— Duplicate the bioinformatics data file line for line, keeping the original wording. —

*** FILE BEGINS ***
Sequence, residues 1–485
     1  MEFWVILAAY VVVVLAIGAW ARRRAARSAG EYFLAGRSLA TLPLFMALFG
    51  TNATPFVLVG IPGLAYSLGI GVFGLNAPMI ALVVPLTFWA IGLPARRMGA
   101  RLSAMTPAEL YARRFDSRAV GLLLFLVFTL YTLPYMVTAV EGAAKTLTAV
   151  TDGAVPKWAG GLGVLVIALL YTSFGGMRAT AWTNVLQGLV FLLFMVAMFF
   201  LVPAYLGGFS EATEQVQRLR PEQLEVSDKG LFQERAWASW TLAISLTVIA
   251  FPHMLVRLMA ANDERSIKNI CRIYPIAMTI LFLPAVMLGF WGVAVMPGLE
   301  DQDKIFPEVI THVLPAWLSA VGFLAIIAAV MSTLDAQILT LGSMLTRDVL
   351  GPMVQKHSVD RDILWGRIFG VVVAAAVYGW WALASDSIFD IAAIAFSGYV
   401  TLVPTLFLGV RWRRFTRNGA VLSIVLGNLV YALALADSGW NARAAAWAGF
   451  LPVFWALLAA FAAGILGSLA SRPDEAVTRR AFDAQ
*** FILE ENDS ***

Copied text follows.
Sequence, residues 1–485
     1  MEFWVILAAY VVVVLAIGAW ARRRAARSAG EYFLAGRSLA TLPLFMALFG
    51  TNATPFVLVG IPGLAYSLGI GVFGLNAPMI ALVVPLTFWA IGLPARRMGA
   101  RLSAMTPAEL YARRFDSRAV GLLLFLVFTL YTLPYMVTAV EGAAKTLTAV
   151  TDGAVPKWAG GLGVLVIALL YTSFGGMRAT AWTNVLQGLV FLLFMVAMFF
   201  LVPAYLGGFS EATEQVQRLR PEQLEVSDKG LFQERAWASW TLAISLTVIA
   251  FPHMLVRLMA ANDERSIKNI CRIYPIAMTI LFLPAVMLGF WGVAVMPGLE
   301  DQDKIFPEVI THVLPAWLSA VGFLAIIAAV MSTLDAQILT LGSMLTRDVL
   351  GPMVQKHSVD RDILWGRIFG VVVAAAVYGW WALASDSIFD IAAIAFSGYV
   401  TLVPTLFLGV RWRRFTRNGA VLSIVLGNLV YALALADSGW NARAAAWAGF
   451  LPVFWALLAA FAAGILGSLA SRPDEAVTRR AFDAQ